Alternatively, for automatic operation you would need a system that is capable of detecting certain signals which are present in the grid when it is operating. Then, when the grid goes down and those signals are not present, the control module disconnects the system from the grid until such time as it senses the presence of those signals again.

This is not a 'stupid' law. The requirement for such a disconnect is to prevent injury/death to any person(s) who must manipulate the lines in the event of a problem. If one or more self-generating systems were feeding into the grid, someone could get zapped...and I can tell you from first-hand experience working with high-voltage that this can be somewhat unpleasant if it doesn't kill you (I don't have any first-hand experience of how unpleasant it might be if it *does* kill you, since I haven't been killed that way...yet...but a kid that I did see get killed like that had an unhappy look on his face).
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Old 10-23-2012, 12:37 PM
 
Location: On a Slow-Sinking Granite Rock Up North
3,637 posts, read 5,266,534 times
Reputation: 2650
Cheapest way to heat home in ME winter?


Close it up and move to Florida
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Old 10-23-2012, 12:38 PM
 
Location: Forests of Maine
29,738 posts, read 47,532,009 times
Reputation: 17595
Quote:
Originally Posted by Zymer View Post
Alternatively, for automatic operation you would need a system that is capable of detecting certain signals which are present in the grid when it is operating. Then, when the grid goes down and those signals are not present, the control module disconnects the system from the grid until such time as it senses the presence of those signals again.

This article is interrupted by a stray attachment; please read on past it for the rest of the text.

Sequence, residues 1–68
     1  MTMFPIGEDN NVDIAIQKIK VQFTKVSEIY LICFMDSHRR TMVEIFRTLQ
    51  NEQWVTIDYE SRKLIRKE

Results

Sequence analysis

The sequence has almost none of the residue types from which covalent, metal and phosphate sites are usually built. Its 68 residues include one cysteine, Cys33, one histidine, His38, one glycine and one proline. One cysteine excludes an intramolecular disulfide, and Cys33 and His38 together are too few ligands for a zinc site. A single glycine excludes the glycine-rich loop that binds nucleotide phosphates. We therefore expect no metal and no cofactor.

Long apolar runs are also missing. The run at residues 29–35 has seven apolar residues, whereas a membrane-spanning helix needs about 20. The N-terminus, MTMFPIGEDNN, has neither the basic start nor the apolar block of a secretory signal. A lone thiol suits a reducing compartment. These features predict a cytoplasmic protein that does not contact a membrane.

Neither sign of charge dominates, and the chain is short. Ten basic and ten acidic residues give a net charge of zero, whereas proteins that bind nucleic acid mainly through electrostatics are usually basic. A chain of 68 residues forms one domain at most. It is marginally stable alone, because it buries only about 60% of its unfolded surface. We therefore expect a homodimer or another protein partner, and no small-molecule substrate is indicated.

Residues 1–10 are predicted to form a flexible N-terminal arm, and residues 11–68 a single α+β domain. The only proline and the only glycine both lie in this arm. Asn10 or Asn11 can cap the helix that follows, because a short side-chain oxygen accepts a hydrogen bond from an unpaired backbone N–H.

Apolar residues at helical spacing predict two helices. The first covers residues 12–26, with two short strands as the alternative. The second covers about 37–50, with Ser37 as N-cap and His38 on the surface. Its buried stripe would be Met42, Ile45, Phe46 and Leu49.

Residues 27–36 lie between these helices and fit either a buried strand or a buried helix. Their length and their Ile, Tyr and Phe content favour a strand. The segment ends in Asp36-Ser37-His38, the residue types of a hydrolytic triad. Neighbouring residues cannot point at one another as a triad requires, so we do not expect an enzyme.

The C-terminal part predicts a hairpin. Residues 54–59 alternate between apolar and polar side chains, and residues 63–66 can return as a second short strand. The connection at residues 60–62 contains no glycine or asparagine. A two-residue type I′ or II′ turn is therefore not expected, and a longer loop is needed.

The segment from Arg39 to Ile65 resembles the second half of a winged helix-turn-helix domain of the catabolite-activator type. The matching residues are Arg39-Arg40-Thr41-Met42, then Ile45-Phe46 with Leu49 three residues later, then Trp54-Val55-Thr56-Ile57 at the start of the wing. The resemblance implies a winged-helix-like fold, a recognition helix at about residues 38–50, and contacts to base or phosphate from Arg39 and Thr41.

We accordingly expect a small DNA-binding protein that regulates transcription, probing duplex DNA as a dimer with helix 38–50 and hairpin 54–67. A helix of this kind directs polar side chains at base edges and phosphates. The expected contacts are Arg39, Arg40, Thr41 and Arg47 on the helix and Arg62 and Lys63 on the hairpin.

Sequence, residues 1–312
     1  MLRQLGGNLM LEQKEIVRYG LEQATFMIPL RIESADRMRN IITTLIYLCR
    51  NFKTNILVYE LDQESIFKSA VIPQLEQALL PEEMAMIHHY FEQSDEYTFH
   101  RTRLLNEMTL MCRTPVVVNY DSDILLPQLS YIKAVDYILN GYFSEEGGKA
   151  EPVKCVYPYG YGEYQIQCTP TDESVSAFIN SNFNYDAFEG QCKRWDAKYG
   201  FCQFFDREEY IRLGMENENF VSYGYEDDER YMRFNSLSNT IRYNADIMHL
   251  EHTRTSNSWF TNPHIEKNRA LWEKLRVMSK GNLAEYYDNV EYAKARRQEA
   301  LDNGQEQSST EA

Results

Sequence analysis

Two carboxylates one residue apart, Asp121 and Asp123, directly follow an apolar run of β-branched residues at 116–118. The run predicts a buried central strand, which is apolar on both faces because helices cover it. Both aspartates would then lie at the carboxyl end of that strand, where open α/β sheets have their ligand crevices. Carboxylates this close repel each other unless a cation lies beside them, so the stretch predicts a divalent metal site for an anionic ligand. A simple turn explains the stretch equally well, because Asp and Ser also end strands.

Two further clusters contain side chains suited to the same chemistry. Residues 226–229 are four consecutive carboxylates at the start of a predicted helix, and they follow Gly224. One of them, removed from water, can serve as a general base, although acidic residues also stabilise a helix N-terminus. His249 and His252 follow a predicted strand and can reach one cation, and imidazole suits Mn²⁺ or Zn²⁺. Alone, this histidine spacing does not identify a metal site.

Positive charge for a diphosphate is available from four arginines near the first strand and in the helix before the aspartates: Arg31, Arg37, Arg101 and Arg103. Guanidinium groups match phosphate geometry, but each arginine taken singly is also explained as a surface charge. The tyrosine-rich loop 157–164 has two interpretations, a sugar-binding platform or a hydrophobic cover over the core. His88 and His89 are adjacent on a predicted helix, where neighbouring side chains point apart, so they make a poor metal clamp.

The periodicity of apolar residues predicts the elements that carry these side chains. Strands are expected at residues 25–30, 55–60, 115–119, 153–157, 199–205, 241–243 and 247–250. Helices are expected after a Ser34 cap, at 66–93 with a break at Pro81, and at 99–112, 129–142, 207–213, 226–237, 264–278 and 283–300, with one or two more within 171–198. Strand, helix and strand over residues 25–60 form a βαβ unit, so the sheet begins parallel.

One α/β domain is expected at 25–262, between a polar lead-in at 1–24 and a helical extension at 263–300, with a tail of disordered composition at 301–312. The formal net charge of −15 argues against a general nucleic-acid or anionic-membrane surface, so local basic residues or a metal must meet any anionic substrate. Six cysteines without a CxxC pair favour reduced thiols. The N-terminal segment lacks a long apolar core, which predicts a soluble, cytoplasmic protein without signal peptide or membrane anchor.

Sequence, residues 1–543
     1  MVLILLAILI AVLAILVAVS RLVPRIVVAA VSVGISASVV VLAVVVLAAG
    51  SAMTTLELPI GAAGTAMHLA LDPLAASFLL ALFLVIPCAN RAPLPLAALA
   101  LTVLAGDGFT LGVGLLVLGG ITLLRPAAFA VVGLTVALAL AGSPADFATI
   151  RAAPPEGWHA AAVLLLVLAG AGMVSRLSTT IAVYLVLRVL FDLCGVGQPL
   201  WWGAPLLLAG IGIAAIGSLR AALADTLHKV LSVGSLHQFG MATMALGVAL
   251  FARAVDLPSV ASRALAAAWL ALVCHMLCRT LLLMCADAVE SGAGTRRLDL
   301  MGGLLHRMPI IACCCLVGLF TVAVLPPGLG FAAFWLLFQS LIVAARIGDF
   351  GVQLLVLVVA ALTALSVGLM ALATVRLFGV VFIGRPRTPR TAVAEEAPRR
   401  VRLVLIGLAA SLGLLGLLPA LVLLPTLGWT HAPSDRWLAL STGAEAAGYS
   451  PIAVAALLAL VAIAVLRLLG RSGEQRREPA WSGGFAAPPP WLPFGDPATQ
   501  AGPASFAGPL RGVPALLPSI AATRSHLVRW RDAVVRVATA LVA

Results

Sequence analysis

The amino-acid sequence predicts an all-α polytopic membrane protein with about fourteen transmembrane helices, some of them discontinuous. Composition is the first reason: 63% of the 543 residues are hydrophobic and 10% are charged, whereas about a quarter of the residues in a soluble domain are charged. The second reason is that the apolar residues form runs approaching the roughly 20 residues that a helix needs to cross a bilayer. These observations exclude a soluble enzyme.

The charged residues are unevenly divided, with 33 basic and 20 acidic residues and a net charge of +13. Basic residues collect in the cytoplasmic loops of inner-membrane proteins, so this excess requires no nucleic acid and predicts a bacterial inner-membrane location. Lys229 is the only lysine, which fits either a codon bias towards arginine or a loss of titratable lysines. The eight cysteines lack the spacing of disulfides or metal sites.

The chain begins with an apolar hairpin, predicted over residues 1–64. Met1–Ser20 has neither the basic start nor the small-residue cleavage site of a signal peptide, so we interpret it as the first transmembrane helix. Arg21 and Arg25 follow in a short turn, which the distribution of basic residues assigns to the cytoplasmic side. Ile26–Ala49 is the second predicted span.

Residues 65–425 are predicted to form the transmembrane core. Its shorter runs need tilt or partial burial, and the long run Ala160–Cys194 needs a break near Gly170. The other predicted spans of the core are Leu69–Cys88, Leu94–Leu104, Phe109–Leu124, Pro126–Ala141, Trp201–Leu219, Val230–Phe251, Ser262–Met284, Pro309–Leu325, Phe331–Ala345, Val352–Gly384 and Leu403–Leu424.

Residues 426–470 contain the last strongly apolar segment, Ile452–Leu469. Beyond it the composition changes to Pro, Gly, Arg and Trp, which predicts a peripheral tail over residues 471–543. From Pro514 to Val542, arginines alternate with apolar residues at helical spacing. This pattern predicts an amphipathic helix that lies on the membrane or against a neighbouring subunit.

This is not a 'stupid' law. The requirement for such a disconnect is to prevent injury/death to any person(s) who must manipulate the lines in the event of a problem. If one or more self-generating systems were feeding into the grid, someone could get zapped...and I can tell you from first-hand experience working with high-voltage that this can be somewhat unpleasant if it doesn't kill you (I don't have any first-hand experience of how unpleasant it might be if it *does* kill you, since I haven't been killed that way...yet...but a kid that I did see get killed like that had an unhappy look on his face).
I understand the need for it. I did not intend to imply that such a law is stupid.

Gird-tie is no more 'reliable' than the grid is. When the grid goes down you go down.

If you want reliable power, you need stand-alone.
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Old 10-24-2012, 01:17 PM
 
Location: Log "cabin" west of Bangor
5,493 posts, read 6,435,052 times
Reputation: 9404
Quote:
Originally Posted by Submariner View Post
I understand the need for it. I did not intend to imply that such a law is stupid.
Nor did I intend to imply that you made any such implication. It was merely a pre-emptive strike to forestall any comments that it might be. (Not that such things would ever happen on *this* board.)